Nearly all of the world’s largest 200 industrial companies have directly or indirectly opposed climate policy since the landmark Paris Agreement was signed three years ago, according to new research.
Analysis by InfluenceMap, a UK-based think tank, examined the lobbying activities of 200 of the world’s biggest companies and 75 of the most powerful trade groups and the links between them since December 2015.
It found that 30 percent of all companies analysed have directly lobbied against climate policy in the last three years and that 90 percent of them retain membership to trade associations which have actively opposed climate policy around the world.
While the findings have come as no surprise to campaigners calling out corporate lobbying on climate policy, the research highlights the key role trade associations continue to play in influencing policy-makers and watering down climate policy.
Edward Collins, project manager at InfluenceMap, told DeSmog UK that trade associations are doing the “dirty work” and lobby for much stronger positions than their members support in public.
“A lot of the worst lobbying activities are being increasingly outsourced to trade groups as companies are more weary to take it on themselves to directly lobby government and put their names to it,” he said.
Ranking corporate spin
InfluenceMap used a scoring system to rank companies and trade associations according to how well their actions align with the Paris Agreement target of limiting temperature rise “well below two degrees” above pre-industrial levels.
The analysis selected the top 200 companies of the 2018 Forbes Global 2000, a list of all publicly-traded companies from 60 countries which this year collectively accounted for a market value of $56.8 trillion.
Financial companies and state-owned enterprises listed on Forbes Global 2000 were yet excluded from InfluenceMap’s analysis.
The think tank ranked companies from A to F as an indicator of how ready they are for a global low-carbon policy — taking into account their membership to trade associations.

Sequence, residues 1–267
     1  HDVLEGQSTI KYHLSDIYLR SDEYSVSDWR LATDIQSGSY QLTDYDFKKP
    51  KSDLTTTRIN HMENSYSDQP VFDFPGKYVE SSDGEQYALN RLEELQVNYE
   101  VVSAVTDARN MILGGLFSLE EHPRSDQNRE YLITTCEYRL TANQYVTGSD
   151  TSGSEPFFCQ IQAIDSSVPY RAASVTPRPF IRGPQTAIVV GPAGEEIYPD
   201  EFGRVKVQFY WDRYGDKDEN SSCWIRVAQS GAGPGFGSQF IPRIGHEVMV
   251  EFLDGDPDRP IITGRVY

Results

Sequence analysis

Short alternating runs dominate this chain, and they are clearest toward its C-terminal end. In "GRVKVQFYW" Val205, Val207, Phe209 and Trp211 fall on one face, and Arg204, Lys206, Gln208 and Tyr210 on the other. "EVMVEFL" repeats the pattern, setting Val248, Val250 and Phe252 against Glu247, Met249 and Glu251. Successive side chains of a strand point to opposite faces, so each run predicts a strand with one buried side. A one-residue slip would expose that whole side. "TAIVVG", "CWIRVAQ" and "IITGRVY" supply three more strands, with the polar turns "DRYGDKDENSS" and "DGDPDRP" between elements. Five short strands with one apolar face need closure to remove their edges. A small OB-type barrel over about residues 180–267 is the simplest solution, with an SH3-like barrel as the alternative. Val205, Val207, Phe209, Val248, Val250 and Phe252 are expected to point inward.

Among the 25 most influential companies of the list, Ikea, Apple, Unilever and SSE ranked the highest and scored A on their positive engagement with climate policy.
At the bottom of the table, the worst performing companies include a host of fossil fuel firms such as the Koch Industries, Chevron, Conoco Phillips, ExxonMobil and BP.
The case of BP and Shell
In the UK, InfluenceMap found SSE and The National Grid to be leading the way in terms of positive engagement with climate policy. But Shell and BP ranked a D and an E+ respectively for obstructing climate policy through covert lobbying means while publicly supporting climate action.
The report argues that BP appears to have “a negative and conflicting approach to climate regulation”.
It says that while BP has shown evidence of support for action on reducing greenhouse gas emissions and the UN climate negotiation process, the company “ultimately does not appear to be aligned with a transition to a low-carbon future and has stressed concerns against the case for ambitious emission reductions”.
The report cites examples from 2015 when BP CEO Bob Dudley publicly supported a carbon tax and energy efficiency regulation and chairman Carl-Henric Svanberg used his opening speech to investors at the company’s AGM to talk about energy transition and BP’s support for renewable energy subsidies.
Yet, the same year, a Guardian investigation revealed that BP lobbied to undermine EU renewable energy targets and subsidies in favour of gas.
In 2016, another Guardian investigation found that the EU dropped policy to cut pollution and speed-up clean energy uptake after receiving a letter from a top BP executive warning of an industry “exodus” from Europe if the proposals went ahead.
BP is also a member of the Australian Petroleum Production & Exploration Association (APPEA), FuelsEurope and the National Association of Manufacturing, trade groups which have consistently opposed ambitious climate change policy in Australia, Europe, and the US.
BP did not respond to DeSmog UK’s request for comment in time for publication.
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The report found that Shell had “mixed and sometimes conflicting engagement with climate change policy”.